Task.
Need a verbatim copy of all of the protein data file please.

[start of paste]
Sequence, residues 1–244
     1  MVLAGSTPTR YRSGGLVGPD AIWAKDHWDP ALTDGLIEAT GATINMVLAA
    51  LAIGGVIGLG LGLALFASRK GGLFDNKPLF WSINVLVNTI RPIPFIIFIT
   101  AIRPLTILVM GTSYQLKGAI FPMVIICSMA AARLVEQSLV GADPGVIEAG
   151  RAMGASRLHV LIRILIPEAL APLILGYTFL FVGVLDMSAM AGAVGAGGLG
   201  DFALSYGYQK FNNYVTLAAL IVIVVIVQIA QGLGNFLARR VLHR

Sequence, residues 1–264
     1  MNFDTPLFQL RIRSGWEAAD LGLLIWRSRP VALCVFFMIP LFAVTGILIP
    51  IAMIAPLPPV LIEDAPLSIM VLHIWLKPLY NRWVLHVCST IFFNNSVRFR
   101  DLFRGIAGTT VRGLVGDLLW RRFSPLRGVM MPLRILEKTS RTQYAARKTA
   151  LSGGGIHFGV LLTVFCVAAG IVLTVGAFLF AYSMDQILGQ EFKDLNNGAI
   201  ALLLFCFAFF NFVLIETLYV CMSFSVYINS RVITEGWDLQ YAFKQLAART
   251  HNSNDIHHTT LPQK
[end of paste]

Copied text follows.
Sequence, residues 1–244
     1  MVLAGSTPTR YRSGGLVGPD AIWAKDHWDP ALTDGLIEAT GATINMVLAA
    51  LAIGGVIGLG LGLALFASRK GGLFDNKPLF WSINVLVNTI RPIPFIIFIT
   101  AIRPLTILVM GTSYQLKGAI FPMVIICSMA AARLVEQSLV GADPGVIEAG
   151  RAMGASRLHV LIRILIPEAL APLILGYTFL FVGVLDMSAM AGAVGAGGLG
   201  DFALSYGYQK FNNYVTLAAL IVIVVIVQIA QGLGNFLARR VLHR

Sequence, residues 1–264
     1  MNFDTPLFQL RIRSGWEAAD LGLLIWRSRP VALCVFFMIP LFAVTGILIP
    51  IAMIAPLPPV LIEDAPLSIM VLHIWLKPLY NRWVLHVCST IFFNNSVRFR
   101  DLFRGIAGTT VRGLVGDLLW RRFSPLRGVM MPLRILEKTS RTQYAARKTA
   151  LSGGGIHFGV LLTVFCVAAG IVLTVGAFLF AYSMDQILGQ EFKDLNNGAI
   201  ALLLFCFAFF NFVLIETLYV CMSFSVYINS RVITEGWDLQ YAFKQLAART
   251  HNSNDIHHTT LPQK